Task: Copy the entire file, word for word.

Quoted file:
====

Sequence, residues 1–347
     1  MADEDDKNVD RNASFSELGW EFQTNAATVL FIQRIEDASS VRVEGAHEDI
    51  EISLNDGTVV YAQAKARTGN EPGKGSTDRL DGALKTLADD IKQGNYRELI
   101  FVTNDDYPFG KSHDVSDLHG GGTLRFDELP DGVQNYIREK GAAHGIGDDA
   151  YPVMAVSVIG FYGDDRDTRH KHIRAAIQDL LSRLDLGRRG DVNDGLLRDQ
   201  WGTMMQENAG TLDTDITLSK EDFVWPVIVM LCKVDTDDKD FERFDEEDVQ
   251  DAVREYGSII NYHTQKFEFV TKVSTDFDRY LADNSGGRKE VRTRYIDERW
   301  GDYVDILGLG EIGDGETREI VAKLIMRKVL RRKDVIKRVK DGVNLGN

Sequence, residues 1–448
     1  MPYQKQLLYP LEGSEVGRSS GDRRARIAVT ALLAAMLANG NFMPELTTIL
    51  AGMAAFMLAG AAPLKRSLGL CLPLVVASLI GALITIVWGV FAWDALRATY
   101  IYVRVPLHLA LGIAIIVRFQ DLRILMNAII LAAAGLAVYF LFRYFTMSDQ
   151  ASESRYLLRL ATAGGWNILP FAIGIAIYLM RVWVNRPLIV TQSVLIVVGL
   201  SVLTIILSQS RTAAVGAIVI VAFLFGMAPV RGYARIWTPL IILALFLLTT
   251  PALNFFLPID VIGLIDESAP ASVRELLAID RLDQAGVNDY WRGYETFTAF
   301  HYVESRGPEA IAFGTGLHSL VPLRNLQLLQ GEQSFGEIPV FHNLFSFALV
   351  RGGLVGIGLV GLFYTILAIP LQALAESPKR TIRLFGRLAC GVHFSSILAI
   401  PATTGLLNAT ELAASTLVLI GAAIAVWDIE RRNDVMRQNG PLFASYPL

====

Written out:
Sequence, residues 1–347
     1  MADEDDKNVD RNASFSELGW EFQTNAATVL FIQRIEDASS VRVEGAHEDI
    51  EISLNDGTVV YAQAKARTGN EPGKGSTDRL DGALKTLADD IKQGNYRELI
   101  FVTNDDYPFG KSHDVSDLHG GGTLRFDELP DGVQNYIREK GAAHGIGDDA
   151  YPVMAVSVIG FYGDDRDTRH KHIRAAIQDL LSRLDLGRRG DVNDGLLRDQ
   201  WGTMMQENAG TLDTDITLSK EDFVWPVIVM LCKVDTDDKD FERFDEEDVQ
   251  DAVREYGSII NYHTQKFEFV TKVSTDFDRY LADNSGGRKE VRTRYIDERW
   301  GDYVDILGLG EIGDGETREI VAKLIMRKVL RRKDVIKRVK DGVNLGN

Sequence, residues 1–448
     1  MPYQKQLLYP LEGSEVGRSS GDRRARIAVT ALLAAMLANG NFMPELTTIL
    51  AGMAAFMLAG AAPLKRSLGL CLPLVVASLI GALITIVWGV FAWDALRATY
   101  IYVRVPLHLA LGIAIIVRFQ DLRILMNAII LAAAGLAVYF LFRYFTMSDQ
   151  ASESRYLLRL ATAGGWNILP FAIGIAIYLM RVWVNRPLIV TQSVLIVVGL
   201  SVLTIILSQS RTAAVGAIVI VAFLFGMAPV RGYARIWTPL IILALFLLTT
   251  PALNFFLPID VIGLIDESAP ASVRELLAID RLDQAGVNDY WRGYETFTAF
   301  HYVESRGPEA IAFGTGLHSL VPLRNLQLLQ GEQSFGEIPV FHNLFSFALV
   351  RGGLVGIGLV GLFYTILAIP LQALAESPKR TIRLFGRLAC GVHFSSILAI
   401  PATTGLLNAT ELAASTLVLI GAAIAVWDIE RRNDVMRQNG PLFASYPL